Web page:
Quicktime file size/quality question.

Discussion in 'Digital Video' started by DrRock, May 15, 2011.

  1. DrRock macrumors regular

    Joined:
    Jun 18, 2005
    #1
    I have a 90 minute feature project in FCS 2 that I want to export as a quicktime .mov file. My project was shot on a JVC Everio GZ-HD7 at the FHD setting. It was converted to the DVC Pro 1080i60 codec using Mpeg Streamclip before being imported into FCS 2.

    I know the basics of exporting .movs, and I know how to burn to DVD. I know that if I export as a self-contained .mov, the file will be much bigger, but will work on other computers without all the original source footage.

    When exported as a self contained .mov the file size is about 78 gb.
    When exported as a non-self contained .mov the file size is just over 1gb

    It's my understanding that when I export the movie as a non-self contained .mov the file is considerably smaller, but in my experience, the file won't work on other computers because it's still referencing the original source footage. That's my understanding of self-contained vs. not self-contained. Is this correct?

    What I'd like to be able to do is create a self-contained .mov that is small enough for me to burn to a DVD-R as a file, so another party can import it into their computer for use with their editing system.

    I've tried exporting the .mov as non-self contained, to create a small file, then re-importing the new file into FCS 2 and then re-exporting it as self-contained in the hopes that even though it's self contained it will be referencing only the smaller file, rather than all the original footage, thereby decreasing the file size.? Should this work, or does it ultimately reference the original footage?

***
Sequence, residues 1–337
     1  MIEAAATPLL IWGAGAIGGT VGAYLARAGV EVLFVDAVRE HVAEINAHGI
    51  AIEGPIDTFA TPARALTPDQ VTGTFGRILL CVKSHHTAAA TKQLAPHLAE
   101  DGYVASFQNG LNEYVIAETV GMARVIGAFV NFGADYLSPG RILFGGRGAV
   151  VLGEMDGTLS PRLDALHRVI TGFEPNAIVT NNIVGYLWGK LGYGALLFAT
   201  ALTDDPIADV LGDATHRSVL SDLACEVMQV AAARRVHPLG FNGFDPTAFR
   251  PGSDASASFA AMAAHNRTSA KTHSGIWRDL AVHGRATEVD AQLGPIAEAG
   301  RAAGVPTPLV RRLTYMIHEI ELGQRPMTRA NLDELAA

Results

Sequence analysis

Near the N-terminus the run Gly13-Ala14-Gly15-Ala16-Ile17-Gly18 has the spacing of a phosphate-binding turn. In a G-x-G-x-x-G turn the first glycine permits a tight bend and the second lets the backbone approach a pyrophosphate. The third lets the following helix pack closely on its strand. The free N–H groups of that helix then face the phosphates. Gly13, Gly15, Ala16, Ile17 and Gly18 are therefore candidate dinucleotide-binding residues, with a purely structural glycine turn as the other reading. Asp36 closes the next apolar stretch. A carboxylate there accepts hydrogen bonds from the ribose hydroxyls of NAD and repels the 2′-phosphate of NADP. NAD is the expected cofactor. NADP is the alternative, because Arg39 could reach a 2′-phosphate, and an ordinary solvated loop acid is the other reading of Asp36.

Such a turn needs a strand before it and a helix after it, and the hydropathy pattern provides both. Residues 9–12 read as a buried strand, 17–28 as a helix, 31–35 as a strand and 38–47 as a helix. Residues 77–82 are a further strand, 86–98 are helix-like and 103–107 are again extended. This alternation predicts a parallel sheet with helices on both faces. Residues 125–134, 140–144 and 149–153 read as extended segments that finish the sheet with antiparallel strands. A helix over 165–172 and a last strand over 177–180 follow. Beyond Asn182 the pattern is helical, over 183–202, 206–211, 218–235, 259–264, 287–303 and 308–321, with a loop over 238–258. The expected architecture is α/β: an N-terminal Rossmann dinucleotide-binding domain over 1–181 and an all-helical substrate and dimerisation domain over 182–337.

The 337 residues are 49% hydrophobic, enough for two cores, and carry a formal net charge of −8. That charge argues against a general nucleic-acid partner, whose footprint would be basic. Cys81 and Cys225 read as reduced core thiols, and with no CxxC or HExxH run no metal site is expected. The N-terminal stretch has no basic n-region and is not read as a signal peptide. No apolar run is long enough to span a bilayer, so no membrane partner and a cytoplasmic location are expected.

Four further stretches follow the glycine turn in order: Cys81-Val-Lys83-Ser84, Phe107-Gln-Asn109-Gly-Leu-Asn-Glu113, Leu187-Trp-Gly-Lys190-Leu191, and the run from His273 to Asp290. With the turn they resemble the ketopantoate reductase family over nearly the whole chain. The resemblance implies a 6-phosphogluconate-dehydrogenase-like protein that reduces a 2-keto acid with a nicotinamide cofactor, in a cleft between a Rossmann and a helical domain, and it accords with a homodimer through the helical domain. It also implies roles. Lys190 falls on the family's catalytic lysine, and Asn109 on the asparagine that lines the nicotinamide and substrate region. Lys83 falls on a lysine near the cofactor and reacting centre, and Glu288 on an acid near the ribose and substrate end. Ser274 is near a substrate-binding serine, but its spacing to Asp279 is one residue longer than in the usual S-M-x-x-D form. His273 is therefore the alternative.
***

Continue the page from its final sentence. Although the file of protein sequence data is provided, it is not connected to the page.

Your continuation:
Bottom line, how do I create a self contained .mov that's not massive in size?
    Thanks!
     
  2. LethalWolfe macrumors G3

    LethalWolfe

    Joined:
    Jan 11, 2002
    Location:
    Los Angeles
    #2
    The only way to reduce the file size is to compress it and if the goal is to send the footage to someone else so they can edit with it you'll be doing too much damage if you compress 78gigs down to DVD size, IMO. You can either use a program to span the 78gig file across a bunch of DVDs (I think Toast can do this) or you can put the file on a harddrive and give it to the person that way.


    Lethal
     
  3. DrRock thread starter macrumors regular

    Joined:
    Jun 18, 2005
    #3
    Thanks, Lethal-

    What I'm doing is submitting it for a film festival. The end user will be compiling video clips to a laptop to screen several in a row without having to switch DVDs, etc. In that case, is compression ok? It will projected on a big screen digitally, so I want to be sure it will look ok. Maybe I could bring him an external HD with the self-contained file as you suggested, and from there he could make his own smaller, non-self contained file.

    His original plan was to have me burn him a DVD, from which he would rip the video and play with the laptop. My thought was to try to just give him an .mov so he could cut out the middle process, save some time, and keep the quality intact.